Our challenges start with vision and leadership

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Colorado Springs is no stranger to divisiveness and segmented thinking. This mentality goes all the way back to when Gen. William Palmer founded the city in 1871 away from the existing settlements, as he did not like the “rough-and-ready” saloon-populated area now known as Old Colorado City. This divisiveness in our region has continued for over 140 years and we need to change, as it is not working for us. Our amazing community is suffering and viewed by many in a negative light.

Alvin Toffler once said, “You’ve got to think about big things while you’re doing small things, so that all the small things go in the right direction.”

As I thought about my hometown of Colorado Springs, who we are, our vision of what we want to be, and the strategy of how we get there, I realized our “small things” do not depict a logical vision, strategy or correlate to “big things”.

We lack a plan, vision and strong leadership necessary to create regional thinking, collaboration and community engagement. We can’t create community with multiple organizations going in different directions and not communicating. The county, City Council, mayor, Regional Business Alliance, visitors bureau and others work in near-vacuums with their own agendas, often with different visions and incentives for regional direction and initiatives.

As the strong mayor, Steve Bach should have brought a holistic perspective, harnessed the appropriate inter-organizational support through effective and open communication, created a plan with regional leaders, and worked together to identify challenges, roles and tasks. To this day Colorado Springs still does not have a true strategic plan.

How can we be engaged when we don’t know where we are going? How can we hold leaders accountable? Or is the plan to let them tell us what direction we are going? What about questioning our continued development not aligned with local growth, such as a Bass Pro Shops being built in the middle of nowhere instead of downtown or using an existing vacant space? We need a leadership paradigm shift, capable of providing vision, building teams and communicating that vision and plan effectively.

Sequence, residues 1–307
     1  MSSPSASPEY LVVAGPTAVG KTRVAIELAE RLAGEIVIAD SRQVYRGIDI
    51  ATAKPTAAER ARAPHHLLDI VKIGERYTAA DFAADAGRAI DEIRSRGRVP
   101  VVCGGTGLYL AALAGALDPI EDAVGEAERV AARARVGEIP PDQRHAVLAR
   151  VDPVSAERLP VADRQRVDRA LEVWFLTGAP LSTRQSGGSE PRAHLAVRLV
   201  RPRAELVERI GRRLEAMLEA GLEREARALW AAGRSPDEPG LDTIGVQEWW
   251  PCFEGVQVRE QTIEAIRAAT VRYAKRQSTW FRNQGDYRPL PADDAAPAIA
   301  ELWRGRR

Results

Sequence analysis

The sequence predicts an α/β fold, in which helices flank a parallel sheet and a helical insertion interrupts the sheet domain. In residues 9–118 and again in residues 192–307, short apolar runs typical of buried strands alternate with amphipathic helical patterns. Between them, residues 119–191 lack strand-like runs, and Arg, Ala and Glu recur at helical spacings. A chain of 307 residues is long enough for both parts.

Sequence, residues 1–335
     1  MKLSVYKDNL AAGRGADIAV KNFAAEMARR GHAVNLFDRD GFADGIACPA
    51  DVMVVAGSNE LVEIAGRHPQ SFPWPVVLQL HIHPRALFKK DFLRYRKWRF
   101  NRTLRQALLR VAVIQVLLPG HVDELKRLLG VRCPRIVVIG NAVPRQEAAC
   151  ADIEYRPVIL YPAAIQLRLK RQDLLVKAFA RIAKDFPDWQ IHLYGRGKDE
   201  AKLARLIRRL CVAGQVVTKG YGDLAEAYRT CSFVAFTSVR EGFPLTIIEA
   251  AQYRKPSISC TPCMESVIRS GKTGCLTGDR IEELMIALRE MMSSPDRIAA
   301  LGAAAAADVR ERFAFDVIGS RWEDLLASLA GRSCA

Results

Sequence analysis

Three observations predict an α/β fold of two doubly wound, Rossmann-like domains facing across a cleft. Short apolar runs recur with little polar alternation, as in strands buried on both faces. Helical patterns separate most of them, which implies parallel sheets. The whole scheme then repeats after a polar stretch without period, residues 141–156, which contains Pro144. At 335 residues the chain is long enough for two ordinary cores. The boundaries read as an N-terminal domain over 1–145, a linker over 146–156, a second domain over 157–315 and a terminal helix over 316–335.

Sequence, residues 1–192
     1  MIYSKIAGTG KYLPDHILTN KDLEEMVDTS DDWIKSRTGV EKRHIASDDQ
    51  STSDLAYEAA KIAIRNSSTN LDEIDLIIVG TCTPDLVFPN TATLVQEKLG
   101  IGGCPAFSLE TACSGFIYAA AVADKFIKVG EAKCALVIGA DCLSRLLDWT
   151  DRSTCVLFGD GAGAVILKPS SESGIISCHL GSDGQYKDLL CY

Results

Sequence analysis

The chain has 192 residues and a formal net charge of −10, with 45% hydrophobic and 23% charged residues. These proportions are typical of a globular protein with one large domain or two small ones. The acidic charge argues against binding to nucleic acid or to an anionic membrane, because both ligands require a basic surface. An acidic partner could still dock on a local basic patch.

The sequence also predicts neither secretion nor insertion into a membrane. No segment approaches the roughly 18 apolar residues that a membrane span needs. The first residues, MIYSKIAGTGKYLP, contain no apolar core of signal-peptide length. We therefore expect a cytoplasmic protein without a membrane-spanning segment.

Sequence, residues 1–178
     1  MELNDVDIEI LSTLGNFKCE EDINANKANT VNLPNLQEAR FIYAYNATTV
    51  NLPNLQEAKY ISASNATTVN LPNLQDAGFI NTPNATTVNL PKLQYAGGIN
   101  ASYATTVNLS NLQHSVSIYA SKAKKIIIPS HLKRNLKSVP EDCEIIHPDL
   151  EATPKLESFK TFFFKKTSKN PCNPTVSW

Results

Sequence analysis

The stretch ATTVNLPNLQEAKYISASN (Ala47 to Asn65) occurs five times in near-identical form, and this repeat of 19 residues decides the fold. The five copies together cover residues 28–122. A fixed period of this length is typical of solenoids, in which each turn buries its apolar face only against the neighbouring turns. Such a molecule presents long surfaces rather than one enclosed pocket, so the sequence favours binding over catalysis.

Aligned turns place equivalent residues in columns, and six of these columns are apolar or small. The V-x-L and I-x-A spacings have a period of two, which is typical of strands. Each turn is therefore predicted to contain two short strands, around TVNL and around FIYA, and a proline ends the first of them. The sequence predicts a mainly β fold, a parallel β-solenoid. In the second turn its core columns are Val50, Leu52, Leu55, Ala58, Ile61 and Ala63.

Changing this won’t happen overnight. Other cities have done it and the proof is there. So where do we start?

The first step is to admit we have challenges. Forget the “cheerleader syndrome” of patting ourselves on the back for mediocre efforts. We must let go of egos, work together and admit when we don’t hit the mark. Let’s respect what this community deserves. We live in one of the most amazing places in the nation, but we have to start being honest about our efforts.

Second, we have to stop trying to adopt other city models and focus on self-identification. Let’s start thinking of ways to utilize and capitalize on our own traits and be innovative. Go on a local fact-finding trip and let’s capitalize on our own gems!

Third, we need to leverage our existing resources. We have one of the most highly educated populations and some very talented people. Take for example the “Live it up” logo debacle that was only fixed because passionate citizens spoke out. We must break and leverage the best resources, not just the “in crowd”.